What is the SCA?

 

Welcome to the Society for Creative Ananchronism (or SCA)!  If you are just newly seeking out the SCA because you saw some people in costumes in the park or heard about it from a friend or in a newspaper and want to get involved too, this page is for you. We hope you enjoy it and when you are done, contact the Hospitaller or Chatelaine in your area. This is a person who is designated to help you get your bearings and get acquainted. He/she has loaner costumes (garb) if you don't yet have your own and will introduce you to people and groups in your areas of interest and generally get you acquainted. You will find the Hospitaller on the Officers or "Regnum" page of your local branch. The Barony of Caerthe's Hospitaler can be reached at hospitaller@caerthe-sca.org.

To get further information on what is happening and who is who, your kingdom and local groups publish a newsletter. For the Kingdom of the Outlands, the newsletter is The Outlandish Herald. This is available by subscription through SCA.org or you get a copy with your Membership. The Barony of Caerthe's quarterly newsletter is The Fortress which is available online for free.

Some Generalities

The SCA is a 501(c)(3) non-profit educational organization incorporated in California devoted to researching and keeping alive the customs, traditions, and arts and sciences of the Medieval and Renaissance Eras, from roughly the time of the Fall of Rome to about 1600 CE. We do this recreation in the context of the "current middle ages", as imaginary setting in which members can participate in various aspects of the culture and technology of the period, as well as do more traditional historical research. The SCA has grown since its inception at a backyard party in Berkley, Caifornia, in 1966 to include over 30,000 paying members, internationally.

Entering the Current Middle Ages

Local branch members of the SCA sponsor events, such as tournaments and feasts, where members dress in clothing styles worn in the period, and participate in activities based on the civil and martial skills of the time and place. These activities recreate aspects of the life and culture of the landed nobility in Europe pre-1600 CE. The dress, pastimes, and above all the chivalric ideals of the period serve to unify our events and activities. To facilitate this "persona" environment, members adopt a period name for these activities, earn/win noble titles of the period and exercise many customs and courtesies accordingly.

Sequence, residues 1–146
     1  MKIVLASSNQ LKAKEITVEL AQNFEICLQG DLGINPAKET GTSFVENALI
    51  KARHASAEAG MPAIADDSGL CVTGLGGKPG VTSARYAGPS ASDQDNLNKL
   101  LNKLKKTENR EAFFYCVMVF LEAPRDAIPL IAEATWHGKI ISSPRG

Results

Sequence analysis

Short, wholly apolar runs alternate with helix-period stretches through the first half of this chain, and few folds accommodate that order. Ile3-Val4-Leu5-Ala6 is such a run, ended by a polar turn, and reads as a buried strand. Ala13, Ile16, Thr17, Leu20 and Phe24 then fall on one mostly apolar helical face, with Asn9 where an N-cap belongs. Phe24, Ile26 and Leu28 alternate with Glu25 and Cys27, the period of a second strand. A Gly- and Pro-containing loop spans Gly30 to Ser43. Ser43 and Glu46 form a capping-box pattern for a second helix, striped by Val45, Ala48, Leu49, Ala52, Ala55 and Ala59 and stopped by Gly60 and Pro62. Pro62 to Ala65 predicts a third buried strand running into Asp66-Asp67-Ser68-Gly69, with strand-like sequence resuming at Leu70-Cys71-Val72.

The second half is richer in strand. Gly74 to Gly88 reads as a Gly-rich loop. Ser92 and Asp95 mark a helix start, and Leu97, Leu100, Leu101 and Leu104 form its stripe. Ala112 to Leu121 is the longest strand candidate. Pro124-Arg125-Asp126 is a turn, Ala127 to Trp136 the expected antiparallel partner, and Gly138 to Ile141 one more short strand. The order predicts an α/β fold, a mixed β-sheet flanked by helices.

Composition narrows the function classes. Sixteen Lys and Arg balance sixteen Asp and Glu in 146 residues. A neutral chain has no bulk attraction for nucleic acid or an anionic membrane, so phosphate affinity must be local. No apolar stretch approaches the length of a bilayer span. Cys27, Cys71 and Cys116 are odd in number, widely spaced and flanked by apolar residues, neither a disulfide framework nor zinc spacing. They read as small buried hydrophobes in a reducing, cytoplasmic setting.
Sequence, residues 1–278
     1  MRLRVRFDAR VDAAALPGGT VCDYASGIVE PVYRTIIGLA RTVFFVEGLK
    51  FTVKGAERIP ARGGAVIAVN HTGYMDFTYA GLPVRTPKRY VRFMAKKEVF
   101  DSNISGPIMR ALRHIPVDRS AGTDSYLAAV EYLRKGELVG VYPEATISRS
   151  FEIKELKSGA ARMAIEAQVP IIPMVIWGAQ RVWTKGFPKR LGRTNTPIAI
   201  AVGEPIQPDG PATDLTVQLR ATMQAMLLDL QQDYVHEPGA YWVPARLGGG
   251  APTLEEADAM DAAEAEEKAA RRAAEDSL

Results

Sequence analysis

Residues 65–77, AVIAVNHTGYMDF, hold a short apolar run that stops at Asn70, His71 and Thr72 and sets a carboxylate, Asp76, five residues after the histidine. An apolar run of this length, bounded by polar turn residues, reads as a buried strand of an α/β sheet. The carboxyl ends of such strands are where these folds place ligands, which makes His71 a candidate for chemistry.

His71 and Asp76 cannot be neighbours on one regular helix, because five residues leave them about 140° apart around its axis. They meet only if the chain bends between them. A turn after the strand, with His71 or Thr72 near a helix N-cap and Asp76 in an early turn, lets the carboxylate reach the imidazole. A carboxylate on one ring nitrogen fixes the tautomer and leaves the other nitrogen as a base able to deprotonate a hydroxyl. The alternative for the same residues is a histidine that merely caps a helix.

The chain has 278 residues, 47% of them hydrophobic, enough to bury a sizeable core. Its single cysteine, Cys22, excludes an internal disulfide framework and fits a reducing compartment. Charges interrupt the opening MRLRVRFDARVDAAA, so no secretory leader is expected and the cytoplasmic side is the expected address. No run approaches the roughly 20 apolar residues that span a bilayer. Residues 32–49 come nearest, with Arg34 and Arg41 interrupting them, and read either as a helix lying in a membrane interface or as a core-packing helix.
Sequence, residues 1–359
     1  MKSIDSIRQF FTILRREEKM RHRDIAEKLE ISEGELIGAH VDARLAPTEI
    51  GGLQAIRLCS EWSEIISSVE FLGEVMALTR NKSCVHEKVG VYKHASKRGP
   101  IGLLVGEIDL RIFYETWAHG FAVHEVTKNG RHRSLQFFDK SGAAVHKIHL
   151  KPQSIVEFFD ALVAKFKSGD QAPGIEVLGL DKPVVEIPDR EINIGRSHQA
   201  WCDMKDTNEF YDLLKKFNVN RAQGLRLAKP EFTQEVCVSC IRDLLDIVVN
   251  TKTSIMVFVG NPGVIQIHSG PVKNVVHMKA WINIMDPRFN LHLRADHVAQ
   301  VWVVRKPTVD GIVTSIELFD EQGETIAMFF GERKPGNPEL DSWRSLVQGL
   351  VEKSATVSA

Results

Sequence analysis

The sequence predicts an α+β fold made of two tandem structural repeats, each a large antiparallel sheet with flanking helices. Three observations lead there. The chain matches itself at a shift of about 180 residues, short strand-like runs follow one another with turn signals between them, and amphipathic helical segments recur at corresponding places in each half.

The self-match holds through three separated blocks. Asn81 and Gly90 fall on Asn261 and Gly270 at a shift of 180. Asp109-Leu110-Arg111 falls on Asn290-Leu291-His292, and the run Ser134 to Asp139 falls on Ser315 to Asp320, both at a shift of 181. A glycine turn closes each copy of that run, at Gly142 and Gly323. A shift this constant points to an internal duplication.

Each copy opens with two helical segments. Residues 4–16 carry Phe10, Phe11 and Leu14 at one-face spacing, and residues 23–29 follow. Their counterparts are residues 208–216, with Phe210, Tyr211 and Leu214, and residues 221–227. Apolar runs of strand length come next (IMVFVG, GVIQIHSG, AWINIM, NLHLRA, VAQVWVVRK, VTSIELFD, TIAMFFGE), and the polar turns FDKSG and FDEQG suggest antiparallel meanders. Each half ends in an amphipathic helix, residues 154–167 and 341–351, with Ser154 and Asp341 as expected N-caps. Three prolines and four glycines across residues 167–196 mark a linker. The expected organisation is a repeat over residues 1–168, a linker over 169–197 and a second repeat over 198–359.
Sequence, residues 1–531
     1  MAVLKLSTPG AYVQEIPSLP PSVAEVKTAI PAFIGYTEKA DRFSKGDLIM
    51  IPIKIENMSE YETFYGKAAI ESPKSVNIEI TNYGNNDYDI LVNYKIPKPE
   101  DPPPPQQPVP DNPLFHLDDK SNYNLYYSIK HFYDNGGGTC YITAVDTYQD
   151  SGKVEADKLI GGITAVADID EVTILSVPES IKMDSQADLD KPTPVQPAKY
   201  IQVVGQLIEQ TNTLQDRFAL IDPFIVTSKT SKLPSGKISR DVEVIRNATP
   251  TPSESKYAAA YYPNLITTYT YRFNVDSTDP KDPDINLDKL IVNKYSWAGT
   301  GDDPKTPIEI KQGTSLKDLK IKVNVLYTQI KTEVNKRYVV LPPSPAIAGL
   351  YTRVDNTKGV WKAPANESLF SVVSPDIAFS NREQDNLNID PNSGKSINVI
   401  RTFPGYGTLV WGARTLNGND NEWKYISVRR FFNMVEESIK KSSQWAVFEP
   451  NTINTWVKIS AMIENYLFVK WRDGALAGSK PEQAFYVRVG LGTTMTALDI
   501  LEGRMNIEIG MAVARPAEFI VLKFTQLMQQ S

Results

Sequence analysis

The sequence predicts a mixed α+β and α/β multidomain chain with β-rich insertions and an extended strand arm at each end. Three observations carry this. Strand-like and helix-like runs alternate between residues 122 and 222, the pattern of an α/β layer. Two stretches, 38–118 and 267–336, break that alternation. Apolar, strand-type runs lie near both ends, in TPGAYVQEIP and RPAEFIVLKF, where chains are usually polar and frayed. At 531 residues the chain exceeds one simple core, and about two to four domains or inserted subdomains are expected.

While we enjoy the period, our current middle ages expresses it in an idealized form lacking plague and other aspects of a less technological life that made it miserable for some. This is a celebration of what was good about the past.

Re-creating vs. Reenacting

The difference between re-creation and reenactment that re-creators actually recreate all the aspects of a time. Reenactors go a step further and stay completely in the time period, their battles are carefully choreographed and their campsite perfectly planned out. In re-creation, members do their own research and try to recreate those parts that interest them. In combat, our members focus on actual fighting, not trying to remember at what point they are supposed to “die”.

Membership

Memberships are very handy and provide you with some great benefits, but you are not required to have one to attend events or practices. You will need one if you wish to hold office, partipate in combat activities at events or receive any awards. Having a membership will get you reduced price for events (avoid the non-member surcharge!). There are several different levels of membership/ For more information about membership visit our web site at: http://sca.org/members/welcome.html.

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How the SCA is Structured

Board of Directors: Since the SCA is a nonprofit corporation, there is a Board of Directors which runs the corporation. The officers of the Board are called “Society Officers” and consist of a Seneschal, Laurel Sovereign of Arms, Marshal, Arts and Sciences Minister, Chronicler, and Exchequer. All of these offices have equivalents at each of the various levels of organization.

Kingdoms: The next level down from the Directors is the Kingdom level. To be a Kingdom, a group must have a minimum of 400 members. A Kingdom is ruled by a King and Queen, known collectively as “The Crown.” Each Kingdom holds a tournament of armored combat called “Crown List” at least twice per year to determine who will be the next Crown.

Barony: The next level down is called a Barony. A Barony must have at least 25 members, and is ruled by a Baron and Baroness. The Barons/ess are selected from among the members of the Barony by a concensus of all the area members and approved or disappoved by the Crown. Across the many kingdoms, Barons can rule for a period of two to five years.

Other Branches: Within a Kingdom/Principality there are smaller branches called Shires. They can also be called a March, Riding, Freehold, or by other names. A sub-group which forms as a subset of a Barony is called a Canton, and branches which form on a school or university campuses are called Colleges. There are also smaller groups for special circumstances groups such as military bases. These smaller groups must have at least five members, 3 of whom are officers.

Kingdoms of the Known World

The SCA has structured itself according to kingdoms and sub-branches based on a feudal system. To find your home group in another location, see: http://www.sca.org/geography/kingdom_lookup.html